often require additional procedures, such as the insertion
of pacemakers or heart transplants.
The blockage starves the heart tissue of oxygen, triggering
a whole cascade of events. However, tissue damage may continue
to worsen in the hours following the attack, even after the
clot is gone. In fact, the restoration of blood flow triggers
additional injury due in part to dramatic shifts in intracellular
ion concentrations, formation of damaging oxygen radicals,
and inflammation. Additional damage occurs because the ischemia
may have made the heart cells trigger their own deaths through
"As you restore blood flow," says Gottlieb, "you create
a number of changes that are deleterious and can trigger cell
Reperfusion is necessary for patients who have heart attacks,
for if you do not do it, the heart cells will die from necrosis
and the patients will not live. The irony of restoring blood
flow in a blocked artery after a heart attack is that the
reperfusion may cause some additional damage, although it
is still preferable to leaving the heart muscle without blood
In a heart that has been cut off of its oxygen supply from
an ischemic blockage, the heart cells do what they can to
Cells that do not have enough oxygen begin to perform glycolysis,
the breakdown of glucose, in order to supply energy in the
form of a molecule called ATP. But glycolysis generates lactic
acid as a by-product, and so ischemia leads to a drop in the
intracellular pH (the cells become more acidic).
Facing the accumulation of lactic acid, the cells try to
normalize their pH by pumping the acidic molecules out of
the cell. This works, but it also can trigger the exchange
of ions in and out of the cell.
Normally, cells maintain distinct "gradients" of ions like
sodium, potassium, and calcium, and these differences in concentration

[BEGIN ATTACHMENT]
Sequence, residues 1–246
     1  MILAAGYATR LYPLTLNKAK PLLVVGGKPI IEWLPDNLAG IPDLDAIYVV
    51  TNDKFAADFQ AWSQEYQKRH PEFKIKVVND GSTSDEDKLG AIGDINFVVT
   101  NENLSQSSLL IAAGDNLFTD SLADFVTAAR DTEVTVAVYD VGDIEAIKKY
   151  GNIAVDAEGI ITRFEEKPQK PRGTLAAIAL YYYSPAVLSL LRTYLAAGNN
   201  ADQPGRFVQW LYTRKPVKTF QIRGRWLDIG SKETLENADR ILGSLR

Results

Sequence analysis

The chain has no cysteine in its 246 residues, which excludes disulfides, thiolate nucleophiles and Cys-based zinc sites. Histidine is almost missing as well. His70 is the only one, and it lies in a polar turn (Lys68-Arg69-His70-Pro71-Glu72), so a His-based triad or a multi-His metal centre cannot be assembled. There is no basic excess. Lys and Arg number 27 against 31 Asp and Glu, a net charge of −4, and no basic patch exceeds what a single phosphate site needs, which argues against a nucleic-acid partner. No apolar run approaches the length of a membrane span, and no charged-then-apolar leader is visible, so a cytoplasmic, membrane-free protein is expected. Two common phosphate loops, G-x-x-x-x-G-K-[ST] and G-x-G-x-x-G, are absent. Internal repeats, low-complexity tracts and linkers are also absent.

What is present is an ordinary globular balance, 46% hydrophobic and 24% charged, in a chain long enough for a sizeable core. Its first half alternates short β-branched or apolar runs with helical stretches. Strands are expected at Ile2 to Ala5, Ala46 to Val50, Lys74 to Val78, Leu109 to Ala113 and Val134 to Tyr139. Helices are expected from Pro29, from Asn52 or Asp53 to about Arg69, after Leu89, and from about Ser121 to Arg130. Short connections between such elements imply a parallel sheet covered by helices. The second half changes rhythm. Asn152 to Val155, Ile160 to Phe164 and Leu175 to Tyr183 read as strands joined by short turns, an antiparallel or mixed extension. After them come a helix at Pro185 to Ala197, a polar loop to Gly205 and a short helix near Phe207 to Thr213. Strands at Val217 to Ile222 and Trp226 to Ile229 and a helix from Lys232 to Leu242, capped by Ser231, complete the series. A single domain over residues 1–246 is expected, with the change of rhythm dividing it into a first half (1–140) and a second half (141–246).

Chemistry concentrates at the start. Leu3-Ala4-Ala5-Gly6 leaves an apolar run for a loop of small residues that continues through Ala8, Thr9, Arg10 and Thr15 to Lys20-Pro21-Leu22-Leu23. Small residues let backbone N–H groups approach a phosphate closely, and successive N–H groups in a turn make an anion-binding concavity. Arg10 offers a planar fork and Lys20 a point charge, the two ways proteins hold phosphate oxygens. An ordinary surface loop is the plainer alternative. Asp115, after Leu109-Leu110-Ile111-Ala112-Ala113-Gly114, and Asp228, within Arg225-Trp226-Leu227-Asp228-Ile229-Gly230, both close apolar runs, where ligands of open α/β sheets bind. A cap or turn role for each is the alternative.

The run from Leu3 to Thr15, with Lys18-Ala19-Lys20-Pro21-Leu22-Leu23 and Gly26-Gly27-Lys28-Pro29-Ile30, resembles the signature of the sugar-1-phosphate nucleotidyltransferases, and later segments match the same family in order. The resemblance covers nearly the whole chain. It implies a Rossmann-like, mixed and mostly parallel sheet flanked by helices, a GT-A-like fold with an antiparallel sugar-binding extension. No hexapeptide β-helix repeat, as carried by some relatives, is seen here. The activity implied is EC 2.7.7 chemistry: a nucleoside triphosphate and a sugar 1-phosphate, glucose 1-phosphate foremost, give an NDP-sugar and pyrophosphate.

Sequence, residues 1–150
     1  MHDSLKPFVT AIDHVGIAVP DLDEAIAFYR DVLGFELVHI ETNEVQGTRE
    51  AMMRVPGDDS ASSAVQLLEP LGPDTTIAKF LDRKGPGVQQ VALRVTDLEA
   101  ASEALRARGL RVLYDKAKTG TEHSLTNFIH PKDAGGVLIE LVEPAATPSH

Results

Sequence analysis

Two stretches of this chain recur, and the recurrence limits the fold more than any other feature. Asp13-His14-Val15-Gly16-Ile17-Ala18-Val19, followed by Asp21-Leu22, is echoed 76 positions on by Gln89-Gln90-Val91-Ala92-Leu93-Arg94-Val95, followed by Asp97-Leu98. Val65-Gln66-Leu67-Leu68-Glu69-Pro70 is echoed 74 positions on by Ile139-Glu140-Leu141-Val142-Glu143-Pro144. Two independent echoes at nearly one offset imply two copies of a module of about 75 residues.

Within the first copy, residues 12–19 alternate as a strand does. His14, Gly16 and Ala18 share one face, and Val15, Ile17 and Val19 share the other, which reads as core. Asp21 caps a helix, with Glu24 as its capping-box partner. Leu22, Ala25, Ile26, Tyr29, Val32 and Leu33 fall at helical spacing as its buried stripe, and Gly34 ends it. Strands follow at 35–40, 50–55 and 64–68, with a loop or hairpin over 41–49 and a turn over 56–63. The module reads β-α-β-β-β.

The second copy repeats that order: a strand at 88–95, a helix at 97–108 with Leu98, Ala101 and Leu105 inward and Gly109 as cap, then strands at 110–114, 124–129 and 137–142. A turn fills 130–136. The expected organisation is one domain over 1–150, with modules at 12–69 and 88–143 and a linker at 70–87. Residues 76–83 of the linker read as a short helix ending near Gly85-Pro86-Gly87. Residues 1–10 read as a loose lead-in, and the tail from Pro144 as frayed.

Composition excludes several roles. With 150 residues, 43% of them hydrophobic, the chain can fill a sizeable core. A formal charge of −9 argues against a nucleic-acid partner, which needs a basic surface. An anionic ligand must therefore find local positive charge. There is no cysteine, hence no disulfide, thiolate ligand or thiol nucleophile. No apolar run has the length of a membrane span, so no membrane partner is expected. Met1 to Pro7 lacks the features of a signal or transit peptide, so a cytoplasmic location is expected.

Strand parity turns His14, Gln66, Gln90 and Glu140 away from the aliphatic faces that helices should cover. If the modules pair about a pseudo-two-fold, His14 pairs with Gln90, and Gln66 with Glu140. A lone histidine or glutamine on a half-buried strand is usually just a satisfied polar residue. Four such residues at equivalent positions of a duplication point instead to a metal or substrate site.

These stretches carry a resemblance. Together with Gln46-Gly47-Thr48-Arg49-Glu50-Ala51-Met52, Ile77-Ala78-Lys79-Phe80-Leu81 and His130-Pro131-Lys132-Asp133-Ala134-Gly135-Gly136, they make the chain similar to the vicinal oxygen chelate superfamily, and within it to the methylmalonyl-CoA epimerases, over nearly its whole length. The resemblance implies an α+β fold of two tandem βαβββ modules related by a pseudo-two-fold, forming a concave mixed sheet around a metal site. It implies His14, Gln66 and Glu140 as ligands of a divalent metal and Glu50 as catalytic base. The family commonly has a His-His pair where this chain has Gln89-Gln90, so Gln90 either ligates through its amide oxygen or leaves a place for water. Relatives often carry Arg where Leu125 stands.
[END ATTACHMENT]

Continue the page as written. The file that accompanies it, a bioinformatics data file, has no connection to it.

of ions on the inside and outside of cells establish chemical
and electrical driving forces that can be used to perform
a range of basic cellular operations. But when ions like sodium
and calcium are exchanged following ischemia, they might be
exchanged contrary to their normal concentrations.
Sodium ions, for instance, are normally kept low inside
cells, but following reperfusion, the intracellular concentration
of sodium goes up. So does calcium.
In order to deal with the increase in calcium, heart cells
rely on their mitochondria. Mitochondria are the highly complex
organelles located inside virtually every cell in the human
body that normally supply cells with most of the energy they
need. But during ischemia, the mitochondria try to reduce
the levels of calcium inside the cell by sequestering it.
This influx of calcium into the mitochondria triggers a response
that results in the catastrophic release of proteins from
within the mitochondrial membrane.
"This makes it difficult for the cell to recover because
[without functioning mitochondria], the cell doesn't have
an energy synthesis machine," Says Gottlieb.
Worse, the ruptured mitochondria also release factors that
trigger apoptosis, through activation of proteins that break
down proteins (called caspases) and others called endonucleases,
which chew up DNA in the cell.
Another event that happens in the mitochondria following
reperfusion is the production of what are referred to as "reactive
oxygen species." These are compounds like hydrogen peroxide
and oxygen radicals that are highly reactive and can react
with lipids and proteins in the mitochondrial membrane to
produce oxidized lipid and protein molecules. These can also
compromise a cell's function.
"It becomes a very complicated set of events that are going
on simultaneouslylike a three-ring circus," says Gottlieb.
"Any one of [these events] alone can result in the death of